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He immediately issued the necessary orders for suspending the execution of the sentence, which M. de Mandeville lost no time in communicating to the poor girl, who, a very few days afterwards, received a full pardon, and was thus, in a manner, snatched from an unmerited and ignominious death. The musketeer requested permission to present my protegee to my notice. She really was a very pretty girl, her feelings overpowered her, and she fainted in her attempt to throw herself at my feet; I soon revived her by the aid of those restoratives which my staring people stupidly did not try to offer, and then to send her away perfectly happy and cheerful, I slipped into the pocket of her apron a rouleau of fifty louis which the king had given me for her use. And here I must remark, that this prince, avaricious as he naturally was, was yet always ready to perform a good action, and, indeed, in this respect, he possessed many excellent qualities to which no one has ever yet done justice. When I next saw the chancellor--"Do you know, my fair cousin," said he, "that if I wished to set you and the parliament quarreling together I need only just whisper in what manner you treat our laws?"
"Your laws," exclaimed I, "are barbarous edicts, made rather for tigers than for men. Your punishments are atrocious, nor do I see their application to correct a single malefactor; particularly in the case of this young girl it is abominable, and if the king would listen to me such savage edicts should not long remain unrepealed."
"That may do very well," replied M. de Maupeou, "some time hence, but not just now; ere our penal code can be revised we must have magistrates more supple than those who now dispute our slightest innovation; and if, by the grace of God, we can manage to make a clear house of them, why we may confidently anticipate the noblest results."
By these and similar insinuations the chancellor bespoke that aid and assistance which I afterwards so largely rendered him when he commenced the ruin of parliaments.
Upon another occasion my credit and influence were employed with equal success. The objects of my present exertions were the comte and comtesse de Louerne. Both husband and wife were deeply loaded with debts, a thing common enough with the nobility of the time; these debts they never paid, another thing by no means unusual; their creditors, whose flinty hearts were but little moved by the considerations of their rank and high blood, sent officers to enforce payment, when the Louernes opposed them with positive force and violence, and the laws, thus outraged, condemned them to suffer death. In vain did persons of the highest rank in the kingdom intercede in their behalf, imploring of the chancellor to interpose with the king; altho' deaf to every other entreaty he instantly granted a reprieve at my solicitation, declaring I was the only person who could have effected so much in behalf of the distressed culprits, as well as being the only source thro' which the king's mercy could be obtained.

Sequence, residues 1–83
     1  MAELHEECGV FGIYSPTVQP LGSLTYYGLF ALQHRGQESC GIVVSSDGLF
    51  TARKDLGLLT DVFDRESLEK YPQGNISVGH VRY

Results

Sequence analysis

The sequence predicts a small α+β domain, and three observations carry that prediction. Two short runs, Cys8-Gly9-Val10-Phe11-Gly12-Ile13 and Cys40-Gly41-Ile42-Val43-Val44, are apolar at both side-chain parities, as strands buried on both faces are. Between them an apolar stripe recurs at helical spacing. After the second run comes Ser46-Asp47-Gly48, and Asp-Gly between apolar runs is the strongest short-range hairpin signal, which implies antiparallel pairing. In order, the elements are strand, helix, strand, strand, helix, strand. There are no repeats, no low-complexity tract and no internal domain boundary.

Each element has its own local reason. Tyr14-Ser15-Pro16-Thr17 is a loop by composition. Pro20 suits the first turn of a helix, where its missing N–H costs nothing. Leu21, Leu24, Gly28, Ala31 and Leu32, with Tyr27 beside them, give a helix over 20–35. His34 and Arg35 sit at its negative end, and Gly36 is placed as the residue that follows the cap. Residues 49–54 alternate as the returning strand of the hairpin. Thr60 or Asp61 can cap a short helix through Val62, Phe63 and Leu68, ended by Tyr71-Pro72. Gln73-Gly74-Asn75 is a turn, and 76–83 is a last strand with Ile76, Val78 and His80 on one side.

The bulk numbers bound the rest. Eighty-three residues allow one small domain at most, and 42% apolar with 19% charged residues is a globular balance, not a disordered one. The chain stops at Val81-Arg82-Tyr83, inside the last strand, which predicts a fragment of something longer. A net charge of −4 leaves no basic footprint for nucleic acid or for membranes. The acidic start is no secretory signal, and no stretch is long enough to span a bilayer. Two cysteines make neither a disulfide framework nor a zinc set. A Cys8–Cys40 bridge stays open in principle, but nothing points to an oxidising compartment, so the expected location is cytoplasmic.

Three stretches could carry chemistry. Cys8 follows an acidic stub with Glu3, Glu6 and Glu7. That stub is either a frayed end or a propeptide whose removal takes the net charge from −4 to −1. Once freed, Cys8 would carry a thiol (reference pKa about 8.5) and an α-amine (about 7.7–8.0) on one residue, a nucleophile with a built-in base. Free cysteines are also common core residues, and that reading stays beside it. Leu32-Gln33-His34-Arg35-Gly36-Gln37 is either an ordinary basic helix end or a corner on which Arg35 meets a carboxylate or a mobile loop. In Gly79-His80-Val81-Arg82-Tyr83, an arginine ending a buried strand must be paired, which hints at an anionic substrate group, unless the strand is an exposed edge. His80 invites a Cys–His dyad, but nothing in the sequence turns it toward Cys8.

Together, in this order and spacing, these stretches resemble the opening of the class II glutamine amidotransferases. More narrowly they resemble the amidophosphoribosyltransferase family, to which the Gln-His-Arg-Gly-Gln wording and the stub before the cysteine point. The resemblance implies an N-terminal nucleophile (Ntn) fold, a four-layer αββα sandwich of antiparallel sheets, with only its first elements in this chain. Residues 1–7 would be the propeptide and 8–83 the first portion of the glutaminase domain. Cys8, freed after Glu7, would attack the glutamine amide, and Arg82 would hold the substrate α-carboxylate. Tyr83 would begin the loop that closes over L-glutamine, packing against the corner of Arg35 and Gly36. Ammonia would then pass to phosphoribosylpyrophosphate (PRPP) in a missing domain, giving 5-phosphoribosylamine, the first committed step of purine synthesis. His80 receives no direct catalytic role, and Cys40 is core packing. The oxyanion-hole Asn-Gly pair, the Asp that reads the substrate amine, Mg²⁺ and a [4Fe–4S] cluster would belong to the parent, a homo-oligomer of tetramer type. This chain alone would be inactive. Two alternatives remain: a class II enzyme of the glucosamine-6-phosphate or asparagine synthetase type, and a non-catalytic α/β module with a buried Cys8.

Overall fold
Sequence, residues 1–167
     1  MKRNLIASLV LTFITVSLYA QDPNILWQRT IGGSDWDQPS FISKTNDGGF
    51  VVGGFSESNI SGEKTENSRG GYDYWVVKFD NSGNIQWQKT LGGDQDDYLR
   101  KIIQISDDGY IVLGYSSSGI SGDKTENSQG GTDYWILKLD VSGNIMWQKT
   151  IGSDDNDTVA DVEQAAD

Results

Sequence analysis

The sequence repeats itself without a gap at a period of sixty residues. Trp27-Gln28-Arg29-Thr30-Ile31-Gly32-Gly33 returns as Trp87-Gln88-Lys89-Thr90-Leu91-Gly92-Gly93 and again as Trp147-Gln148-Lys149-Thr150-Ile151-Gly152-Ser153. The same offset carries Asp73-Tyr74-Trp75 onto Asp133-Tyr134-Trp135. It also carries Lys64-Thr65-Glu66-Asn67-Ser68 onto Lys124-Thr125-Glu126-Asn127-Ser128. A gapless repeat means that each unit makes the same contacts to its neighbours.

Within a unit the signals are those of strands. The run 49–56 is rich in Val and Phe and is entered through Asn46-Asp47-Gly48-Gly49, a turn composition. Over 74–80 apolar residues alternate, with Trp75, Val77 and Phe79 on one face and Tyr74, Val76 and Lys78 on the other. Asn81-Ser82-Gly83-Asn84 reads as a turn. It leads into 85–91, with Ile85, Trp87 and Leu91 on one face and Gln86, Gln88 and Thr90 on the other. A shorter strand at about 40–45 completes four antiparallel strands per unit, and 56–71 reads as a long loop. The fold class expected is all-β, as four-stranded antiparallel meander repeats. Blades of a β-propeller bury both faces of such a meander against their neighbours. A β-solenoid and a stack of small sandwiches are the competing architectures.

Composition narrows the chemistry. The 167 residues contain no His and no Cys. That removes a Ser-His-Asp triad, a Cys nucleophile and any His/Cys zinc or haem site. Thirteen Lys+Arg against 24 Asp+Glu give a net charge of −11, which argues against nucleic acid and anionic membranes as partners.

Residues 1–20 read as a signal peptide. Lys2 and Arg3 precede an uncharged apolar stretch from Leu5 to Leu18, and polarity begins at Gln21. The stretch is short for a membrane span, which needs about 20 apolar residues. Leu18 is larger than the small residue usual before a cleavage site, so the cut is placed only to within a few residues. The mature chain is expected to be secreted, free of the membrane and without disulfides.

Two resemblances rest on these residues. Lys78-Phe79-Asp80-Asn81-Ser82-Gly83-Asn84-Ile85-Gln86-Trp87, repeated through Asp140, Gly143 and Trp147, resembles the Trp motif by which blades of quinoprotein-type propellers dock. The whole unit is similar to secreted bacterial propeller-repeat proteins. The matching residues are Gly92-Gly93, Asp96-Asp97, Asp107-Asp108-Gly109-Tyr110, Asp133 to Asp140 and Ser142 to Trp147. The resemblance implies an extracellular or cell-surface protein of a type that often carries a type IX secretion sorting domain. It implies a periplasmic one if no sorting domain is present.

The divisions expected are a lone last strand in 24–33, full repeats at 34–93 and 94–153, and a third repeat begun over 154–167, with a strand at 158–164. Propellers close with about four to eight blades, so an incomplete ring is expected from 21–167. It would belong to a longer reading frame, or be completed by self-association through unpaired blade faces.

Immediately upon this notification, I was waited upon by the comtesse de Moyau, their daughter, and the baronne d'Heldorf, their daughter-in-law; both these ladies came to me in the deepest sorrow, and I mingled my sighs and tears with those they so plentifully shed; but this was rendering poor service, and if I desired to aid their cause it was requisite I should speak to the king, who was little disposed to show any indulgence in such cases, and was never known to pass over any attempts on the part of the nobility to resist the laws; he looked with horror on every prospect of the return of those times which he hoped and believed were passed and gone never to return. I well knew his sentiments on the subject, and yet, trusting to my great influence over his mind, I did not despair of success; besides Chon, my sister-in-law, was constantly reminding me that people of a certain rank should support one another, and that now was the time or never. I therefore resolved upon befriending the daughters of comte de Louerne to the utmost of my power, and for that purpose I placed them both in a corner of the drawing-room so as to catch the king's eye as he entered; he observed them, and inquired who those two ladies were. "Sire," replied I, "they are the heart-broken daughters of the comte and comtesse de Louerne, who implore clemency of your majesty to save the lives of the authors of their being."
"Ah!" returned he, "madame, you know I can do nothing against the law which they have offended."
At these cruel words the two young ladies threw themselves at his feet, exclaiming, "Pardon, pardon, sire; in the name of heaven and your illustrious ancestors."
"Rise, ladies," said the king; "I would willingly serve you, but I have not the power."
"No, sire," cried I, "you must not, you cannot refuse our united prayers; and I here vow to remain kneeling at your feet till your lips shall pronounce the word which shall restore life and happiness to so many afflicted hearts."
"Madame," said the king, altho' in a tone less firm, "you force me to do what my principles condemn; but since it must be so, I yield; and only rejoice that the first personal favor you request of me is to perform an act of beneficence. Ladies," added he, turning towards the comtesse de Moyau and her sister-in-law, "you owe the lives of your parents to the generous mediation of the comtesse du Barry."
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Memoirs of the Comtesse du Barry -by- Baron Etienne Leon Lamothe-Langon